I am an orderly and punctual kind of girl. One who revels in being in bed by 10:00, gets pleasure out of the neatly folded lines of sheets and towels in our linen closet, loves using up the last four turnips, two beets and half a rutabaga in the fridge for a lovely autumn soup that also results in a beautifully empty vegetable crisper, sweats unpleasantly when running even just five minutes late, thrills secretly when the neat piles of mail and magazine inserts and cardboard paper towel rolls all get placed in the recycling bin in the little closet next to our apartment, and exults when using up the last few shakes left in a bag of flour.
And yet. On weekday mornings, I somehow still end up running four minutes late far too often, throwing my scarf over my shoulder while I press the elevator button as the door bangs shut (rats!), remembering that my cell phone is still on the coffee table, running back inside to get it as I thread my belt into my belt loops while the door slams again (crap!), then hearing the elevator ping its arrival, managing to make it out just as the elevator door opens, but not smoothly enough so I don't keep the our apartment door from banging a third and final time (damn it!) and as I ride down to the ground floor, realizing I've forgotten to eat breakfast entirely.
If there's something I hate, it's missing breakfast at home. See, I have this little routine: I take my breakfast (a small pour of orange juice in a narrow glass, a little white bowl of Grape Nuts and milk) and sit in the big office chair that Ben brought with him when we moved to Queens. While I eat my breakfast swiveling around in the chair, looking out the window or listening to the radio, Ben stands next to me and irons. We don't talk much, but we start our day together there. It's calm and peaceful in that office, we can see the tree tops waving, and the big city feels pretty far away. Plus, this way the orderly me gets her morning fiber (check), her vitamins in pill and juice form (check), and one third of her daily calcium requirement (check). All this, too, warms my soul.
But let's get real: the number of mornings I'm able to have this dreamy little breakfast scenario has dwindled substantially of late and I've been spending far too much money on morning breakfasts in the city. (Close to $5.00? For a scone and a cup of tea? What is going on here?) I read Amy Scattergood's article on Kim Boyce's healthy muffins while I ate a Balthazar scone, delicious but crammed to the brim with butter and cream, at my desk for the (gulp) third time last week and vowed to change my ways.
The only problem is that Kim's muffins are far too good to be eaten, ascetically, one by one each day of the week. Trust me, you'll make a batch, envision it lasting you two weeks in the freezer, and by the end of the weekend - bam! - the muffins will be gone, baby, gone. Wholesome and grainy and full of autumnal flavor, they're simply delicious. Studded with juicy little bits of dates (dates, I swoon for you) and with the occasional bright orange pocket of sweet potato, they're the kind of muffin that make you feel practically virtuous whilst eating them, which as you probably know, is a very special kind of muffin indeed.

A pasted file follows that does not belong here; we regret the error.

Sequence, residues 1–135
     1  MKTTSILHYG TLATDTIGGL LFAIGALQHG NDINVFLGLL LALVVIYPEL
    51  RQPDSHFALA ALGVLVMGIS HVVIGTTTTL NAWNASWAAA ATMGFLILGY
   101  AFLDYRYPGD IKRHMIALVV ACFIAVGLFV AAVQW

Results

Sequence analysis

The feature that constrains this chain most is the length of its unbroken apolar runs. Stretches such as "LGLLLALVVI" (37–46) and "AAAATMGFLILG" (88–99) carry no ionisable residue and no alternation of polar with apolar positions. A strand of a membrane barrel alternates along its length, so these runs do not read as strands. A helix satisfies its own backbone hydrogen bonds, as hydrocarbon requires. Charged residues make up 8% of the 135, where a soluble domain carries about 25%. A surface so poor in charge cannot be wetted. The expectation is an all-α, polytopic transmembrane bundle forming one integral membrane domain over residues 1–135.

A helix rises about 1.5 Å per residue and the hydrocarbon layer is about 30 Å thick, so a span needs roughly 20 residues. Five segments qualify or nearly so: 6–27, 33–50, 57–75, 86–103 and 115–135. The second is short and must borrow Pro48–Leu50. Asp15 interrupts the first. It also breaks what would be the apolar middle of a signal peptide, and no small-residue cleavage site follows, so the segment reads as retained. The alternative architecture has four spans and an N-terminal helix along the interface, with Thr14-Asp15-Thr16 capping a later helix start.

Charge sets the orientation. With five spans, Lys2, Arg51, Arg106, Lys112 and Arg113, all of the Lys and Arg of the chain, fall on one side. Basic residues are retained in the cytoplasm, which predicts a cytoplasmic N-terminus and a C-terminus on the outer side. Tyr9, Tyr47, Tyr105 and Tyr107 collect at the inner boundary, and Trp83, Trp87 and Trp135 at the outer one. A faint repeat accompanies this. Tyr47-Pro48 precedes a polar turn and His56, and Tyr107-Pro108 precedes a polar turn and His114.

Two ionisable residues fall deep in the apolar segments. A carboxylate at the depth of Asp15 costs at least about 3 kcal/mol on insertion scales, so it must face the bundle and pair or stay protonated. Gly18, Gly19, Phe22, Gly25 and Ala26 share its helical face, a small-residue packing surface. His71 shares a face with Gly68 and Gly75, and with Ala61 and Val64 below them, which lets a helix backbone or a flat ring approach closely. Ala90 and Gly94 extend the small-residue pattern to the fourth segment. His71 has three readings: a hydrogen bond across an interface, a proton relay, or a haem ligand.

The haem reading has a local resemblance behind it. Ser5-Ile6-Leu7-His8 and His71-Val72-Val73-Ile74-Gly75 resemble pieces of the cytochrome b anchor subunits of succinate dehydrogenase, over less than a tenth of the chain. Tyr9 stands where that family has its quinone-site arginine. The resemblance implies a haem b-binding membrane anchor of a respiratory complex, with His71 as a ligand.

Whole-Wheat Sweet Potato Muffins
Vegetable oil spray for coating the tins
1/4 cup (1/2 stick) butter
3 tablespoons dark brown sugar
3 tablespoons sugar
1 cup flour
3/4 cup whole-wheat flour
1/4 cup whole-wheat pastry flour
1 teaspoon baking powder
1/2 teaspoon baking soda
1/2 teaspoon salt
1 tablespoon cinnamon
1 teaspoon ginger
1/2 teaspoon allspice
1 cup buttermilk
1/4 cup plain yogurt
1 teaspoon vanilla
12 Medjool dates, pitted and cut into 1/4- to 1/2-inch pieces
1. Heat the oven to 400 degrees. Prick the sweet potatoes with a fork and place on a foil-lined cookie sheet. Roast for 1 hour or until they are tender when pierced with a fork and are caramelizing. Remove from the oven and allow to cool, peel, then lightly mash with a fork. Set aside.
2. Lower the oven temperature to 350 degrees. Lightly spray the muffin tin with vegetable oil.
3. Cream the butter and sugars until light and fluffy, about 3 minutes.
4. In a medium bowl, sift together the flour, whole-wheat flour, whole-grain pastry flour, baking powder, baking soda, salt, cinnamon, ginger and allspice. In a separate bowl, whisk the buttermilk, yogurt, egg and vanilla together.
5. Scrape down the sides of the butter bowl and alternately add the dry and wet ingredients; do not overmix. Gently fold in the sweet potatoes, then the dates.
6. Using an ice cream scoop (about one-half cup capacity), scoop the batter into each of 10 prepared muffin cups, about 1 scoop per muffin. Bake for 35 to 40 minutes. The muffins will be dark golden brown on the bottom.